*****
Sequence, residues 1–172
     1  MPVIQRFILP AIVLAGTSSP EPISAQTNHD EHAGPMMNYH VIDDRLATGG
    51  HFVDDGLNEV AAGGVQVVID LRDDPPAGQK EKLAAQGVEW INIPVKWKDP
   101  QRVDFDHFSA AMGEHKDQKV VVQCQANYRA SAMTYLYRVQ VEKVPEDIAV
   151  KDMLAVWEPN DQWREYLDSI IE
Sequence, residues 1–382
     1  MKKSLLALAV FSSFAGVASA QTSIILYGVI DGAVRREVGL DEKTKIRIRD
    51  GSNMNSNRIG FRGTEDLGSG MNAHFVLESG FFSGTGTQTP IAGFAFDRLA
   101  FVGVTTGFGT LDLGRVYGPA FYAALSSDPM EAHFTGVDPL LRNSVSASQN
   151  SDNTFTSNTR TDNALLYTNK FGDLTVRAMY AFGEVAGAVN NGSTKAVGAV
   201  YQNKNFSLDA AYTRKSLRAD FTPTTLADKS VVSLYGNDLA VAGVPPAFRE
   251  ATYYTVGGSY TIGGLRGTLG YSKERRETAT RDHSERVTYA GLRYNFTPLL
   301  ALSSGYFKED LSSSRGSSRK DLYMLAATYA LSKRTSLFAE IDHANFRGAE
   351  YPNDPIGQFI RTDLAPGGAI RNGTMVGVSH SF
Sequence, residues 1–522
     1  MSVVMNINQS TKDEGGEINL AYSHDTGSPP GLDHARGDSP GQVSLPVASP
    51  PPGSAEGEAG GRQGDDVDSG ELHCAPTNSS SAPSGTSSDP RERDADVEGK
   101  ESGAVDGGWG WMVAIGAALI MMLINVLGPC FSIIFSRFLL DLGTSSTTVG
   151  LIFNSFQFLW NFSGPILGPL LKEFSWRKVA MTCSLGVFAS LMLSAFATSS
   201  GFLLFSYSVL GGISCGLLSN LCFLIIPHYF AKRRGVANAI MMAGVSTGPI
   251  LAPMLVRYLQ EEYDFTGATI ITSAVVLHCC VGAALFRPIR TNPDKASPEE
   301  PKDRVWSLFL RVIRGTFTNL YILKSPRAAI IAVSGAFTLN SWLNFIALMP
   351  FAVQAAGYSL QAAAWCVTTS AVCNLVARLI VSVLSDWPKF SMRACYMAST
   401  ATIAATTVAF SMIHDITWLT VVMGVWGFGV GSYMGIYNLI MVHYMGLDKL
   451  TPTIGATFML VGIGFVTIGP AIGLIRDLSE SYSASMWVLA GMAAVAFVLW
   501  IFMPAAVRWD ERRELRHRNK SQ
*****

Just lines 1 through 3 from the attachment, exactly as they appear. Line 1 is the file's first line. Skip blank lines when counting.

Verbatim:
Sequence, residues 1–172
     1  MPVIQRFILP AIVLAGTSSP EPISAQTNHD EHAGPMMNYH VIDDRLATGG
    51  HFVDDGLNEV AAGGVQVVID LRDDPPAGQK EKLAAQGVEW INIPVKWKDP